Adams Arms Gas Piston Conversion Kit Installation

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The following is a video transcription depicting the Adams Arms gas piston conversion kit installation.


You will need the following tools to install the Adams Arms retro fit gas piston system:


  • 1/8″ Hardened Punch
  • 5/32″ Allen Key or Allen Key Socket
  • 3/4″ Wrench
  • Metal Hammer
  • Bench Vise
  • Torque Wrench



Depending on your upper assembly and your abilities you may also want:


  • Armor’s Wrench
  • Dremel Tool with Cutting Wheel
  • Plastic or Rubber Hammer
  • Handguard Removal Tool
  • AR15 Vise Block
  • Front Sight Bench Block
  • Snap Ring Pliers
  • Feeler Gauge


For the terms of this video DI stands for Direct Impingement System and refers to any parts on an AR15 or M16 that push hot or dirty gases into the upper receiver to cycle the rifle’s action. This is a complete upper receiver. This is a complete lower receiver. Before performing any step of the Adams Arms installation check your firearm to see if it is unloaded and on safety. Drop any magazines you may have in the AR and manually cycle the action multiple times to ensure no round is in the chamber. Turn the safety lever to safe and continue with the Adams Arms installation.

The first step in installing the Adams Arms system is to remove all of the existing DI parts. Separate the upper from the lower receiver by pushing the two retaining pins here on the left side of the lower receiver. Next, pull the charging handle and bolt carrier group back and out of the upper and set it aside. Remove the bolt from the carrier and set the carrier aside. To do this, you will first pull out the cotter pin found here on the left side of the carrier. Next, shake the firing pin out of the back of the bolt carrier. Sometimes it will stick a bit and you will need to bang it against a hard, flat surface to get it out. Then, rotate the can pin found at the top of the carrier 90 degrees and lift it out of the carrier. Once all of this is done, the bolt will slide freely out of the front of the carrier. Once the bolt is removed use a thin, flat edge surface, like a pocket knife, and remove the gas rings. This can be done by placing the flat edge under the top ring and lifting it out and up as shown here. Do this for each gas ring. Then place the bolt spring on the back of the bolt and reassemble the bolt carrier group as shown here.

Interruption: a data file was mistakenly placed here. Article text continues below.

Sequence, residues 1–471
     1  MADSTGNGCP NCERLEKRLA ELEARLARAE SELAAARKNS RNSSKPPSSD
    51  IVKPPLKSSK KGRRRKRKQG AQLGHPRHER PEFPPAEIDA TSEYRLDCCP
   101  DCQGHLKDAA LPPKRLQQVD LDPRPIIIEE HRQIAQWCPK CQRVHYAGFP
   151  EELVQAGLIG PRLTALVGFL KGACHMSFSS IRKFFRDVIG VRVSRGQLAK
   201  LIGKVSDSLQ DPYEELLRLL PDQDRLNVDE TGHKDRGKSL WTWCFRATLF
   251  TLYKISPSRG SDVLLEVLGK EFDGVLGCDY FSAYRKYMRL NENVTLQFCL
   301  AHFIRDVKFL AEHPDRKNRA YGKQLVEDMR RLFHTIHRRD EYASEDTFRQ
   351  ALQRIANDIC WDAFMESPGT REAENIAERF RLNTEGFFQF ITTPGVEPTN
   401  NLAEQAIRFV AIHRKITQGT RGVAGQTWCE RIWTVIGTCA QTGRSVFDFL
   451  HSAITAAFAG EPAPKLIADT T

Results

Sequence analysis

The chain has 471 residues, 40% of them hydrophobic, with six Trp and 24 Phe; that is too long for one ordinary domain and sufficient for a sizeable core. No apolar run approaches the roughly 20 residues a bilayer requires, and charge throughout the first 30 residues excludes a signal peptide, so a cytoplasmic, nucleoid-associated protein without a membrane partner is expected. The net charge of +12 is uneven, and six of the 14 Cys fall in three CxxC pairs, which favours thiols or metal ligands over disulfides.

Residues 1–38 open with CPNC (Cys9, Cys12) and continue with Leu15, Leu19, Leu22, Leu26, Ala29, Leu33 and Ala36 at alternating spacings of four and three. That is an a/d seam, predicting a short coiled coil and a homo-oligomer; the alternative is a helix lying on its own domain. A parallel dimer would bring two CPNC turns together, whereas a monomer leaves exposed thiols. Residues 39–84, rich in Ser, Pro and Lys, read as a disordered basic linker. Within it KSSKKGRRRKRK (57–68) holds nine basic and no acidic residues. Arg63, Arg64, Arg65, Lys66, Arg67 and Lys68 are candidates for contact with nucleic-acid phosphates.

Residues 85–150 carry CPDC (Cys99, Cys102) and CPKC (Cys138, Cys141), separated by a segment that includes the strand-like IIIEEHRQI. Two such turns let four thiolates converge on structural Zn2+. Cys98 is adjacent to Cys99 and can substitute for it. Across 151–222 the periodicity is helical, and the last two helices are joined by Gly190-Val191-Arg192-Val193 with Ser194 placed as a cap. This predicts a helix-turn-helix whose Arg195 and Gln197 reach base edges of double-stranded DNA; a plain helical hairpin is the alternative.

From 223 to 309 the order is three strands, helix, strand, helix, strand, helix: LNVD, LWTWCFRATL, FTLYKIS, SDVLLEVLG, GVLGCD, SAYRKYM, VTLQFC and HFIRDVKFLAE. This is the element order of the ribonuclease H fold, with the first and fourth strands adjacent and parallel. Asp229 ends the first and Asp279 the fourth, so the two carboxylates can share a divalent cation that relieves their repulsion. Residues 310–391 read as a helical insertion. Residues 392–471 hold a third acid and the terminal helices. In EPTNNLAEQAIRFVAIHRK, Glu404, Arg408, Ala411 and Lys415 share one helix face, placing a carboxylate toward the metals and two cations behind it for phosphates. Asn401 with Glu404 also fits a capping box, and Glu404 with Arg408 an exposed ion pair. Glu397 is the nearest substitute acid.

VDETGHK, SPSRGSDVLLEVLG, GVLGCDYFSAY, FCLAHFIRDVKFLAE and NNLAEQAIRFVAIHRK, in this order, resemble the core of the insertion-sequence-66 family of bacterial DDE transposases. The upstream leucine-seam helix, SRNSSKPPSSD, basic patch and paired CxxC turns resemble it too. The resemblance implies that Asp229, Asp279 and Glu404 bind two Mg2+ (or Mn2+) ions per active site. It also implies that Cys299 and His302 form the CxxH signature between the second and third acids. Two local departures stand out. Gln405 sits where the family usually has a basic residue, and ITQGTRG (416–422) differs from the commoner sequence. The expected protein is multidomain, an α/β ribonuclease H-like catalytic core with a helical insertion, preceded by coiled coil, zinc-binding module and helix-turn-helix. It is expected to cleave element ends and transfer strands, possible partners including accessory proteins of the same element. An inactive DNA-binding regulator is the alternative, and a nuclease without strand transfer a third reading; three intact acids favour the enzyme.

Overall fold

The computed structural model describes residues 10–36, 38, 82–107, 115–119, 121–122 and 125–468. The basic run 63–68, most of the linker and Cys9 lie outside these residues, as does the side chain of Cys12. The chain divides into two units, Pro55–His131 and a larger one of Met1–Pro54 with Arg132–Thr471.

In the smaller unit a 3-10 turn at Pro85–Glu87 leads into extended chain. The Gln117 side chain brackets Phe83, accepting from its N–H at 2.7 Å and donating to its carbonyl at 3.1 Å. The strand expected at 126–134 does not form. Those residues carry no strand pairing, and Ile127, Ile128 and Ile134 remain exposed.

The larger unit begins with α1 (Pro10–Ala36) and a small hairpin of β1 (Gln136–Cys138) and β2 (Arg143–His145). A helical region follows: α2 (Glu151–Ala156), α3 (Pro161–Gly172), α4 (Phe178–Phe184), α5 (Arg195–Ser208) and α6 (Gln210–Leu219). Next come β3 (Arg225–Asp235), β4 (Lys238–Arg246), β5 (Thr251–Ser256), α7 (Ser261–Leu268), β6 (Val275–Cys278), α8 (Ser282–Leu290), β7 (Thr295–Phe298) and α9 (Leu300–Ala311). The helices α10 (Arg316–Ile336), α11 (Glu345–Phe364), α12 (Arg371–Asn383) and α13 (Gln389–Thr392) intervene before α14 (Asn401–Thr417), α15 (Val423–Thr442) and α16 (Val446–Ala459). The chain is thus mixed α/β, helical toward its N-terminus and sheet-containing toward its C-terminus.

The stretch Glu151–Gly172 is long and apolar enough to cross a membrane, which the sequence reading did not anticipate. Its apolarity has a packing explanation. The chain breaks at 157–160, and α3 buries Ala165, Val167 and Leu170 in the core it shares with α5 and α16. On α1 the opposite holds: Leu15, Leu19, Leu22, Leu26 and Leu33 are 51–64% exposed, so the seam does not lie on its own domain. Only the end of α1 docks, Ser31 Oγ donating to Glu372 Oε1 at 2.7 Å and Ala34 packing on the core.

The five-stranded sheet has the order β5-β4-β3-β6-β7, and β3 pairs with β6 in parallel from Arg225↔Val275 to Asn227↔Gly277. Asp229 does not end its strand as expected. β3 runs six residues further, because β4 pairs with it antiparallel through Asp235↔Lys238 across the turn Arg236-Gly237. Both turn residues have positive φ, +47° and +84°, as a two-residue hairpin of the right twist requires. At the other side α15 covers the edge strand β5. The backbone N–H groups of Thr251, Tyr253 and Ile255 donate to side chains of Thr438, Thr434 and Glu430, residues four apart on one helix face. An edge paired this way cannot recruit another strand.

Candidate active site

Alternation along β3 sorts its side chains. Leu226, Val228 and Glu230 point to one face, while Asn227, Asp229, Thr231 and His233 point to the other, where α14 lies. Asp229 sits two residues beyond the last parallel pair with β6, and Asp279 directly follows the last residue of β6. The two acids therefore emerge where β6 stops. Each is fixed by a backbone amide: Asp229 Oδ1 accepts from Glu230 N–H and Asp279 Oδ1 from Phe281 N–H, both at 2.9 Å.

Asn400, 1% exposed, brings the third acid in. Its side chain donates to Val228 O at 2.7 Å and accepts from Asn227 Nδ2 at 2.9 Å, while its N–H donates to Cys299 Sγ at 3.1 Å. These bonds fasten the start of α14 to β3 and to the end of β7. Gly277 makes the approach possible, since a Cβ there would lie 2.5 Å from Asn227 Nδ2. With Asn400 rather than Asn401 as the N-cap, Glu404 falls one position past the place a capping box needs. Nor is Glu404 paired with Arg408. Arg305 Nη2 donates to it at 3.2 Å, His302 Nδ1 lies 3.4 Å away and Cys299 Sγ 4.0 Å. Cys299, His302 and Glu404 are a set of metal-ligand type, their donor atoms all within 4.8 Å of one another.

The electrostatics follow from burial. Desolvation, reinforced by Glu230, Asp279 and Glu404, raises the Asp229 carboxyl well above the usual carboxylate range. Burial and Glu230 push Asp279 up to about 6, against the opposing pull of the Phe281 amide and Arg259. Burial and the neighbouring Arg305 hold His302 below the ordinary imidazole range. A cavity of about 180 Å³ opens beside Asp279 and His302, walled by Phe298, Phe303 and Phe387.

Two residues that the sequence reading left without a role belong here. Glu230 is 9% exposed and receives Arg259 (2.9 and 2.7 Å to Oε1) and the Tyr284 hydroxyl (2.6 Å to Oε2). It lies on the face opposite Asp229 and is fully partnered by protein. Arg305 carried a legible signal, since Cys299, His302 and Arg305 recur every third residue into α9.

Next, remove the hand guards by pushing the delta ring down towards the receiver with one hand. While holding the delta ring down, use your free hand to pull the handguard off. Remove the portion of the handguard held in place by the delta ring, first by pulling it away from the barrel nut, than remove the other end from the handguard cap by pulling down and out. This task will be easier if you have a handguard tool. Once you have removed the handguards, place the upper either on a vice block or secure it in a vice making sure not to damage the outside of the upper receiver. Using the 3/4″ wrench or an armorous tool find the two flat surfaces on the flash hider for the wrench and turn the flash hider counter clockwise to loosen and remove that part along with its washer. After removing the flash hider, remove the upper from the vice.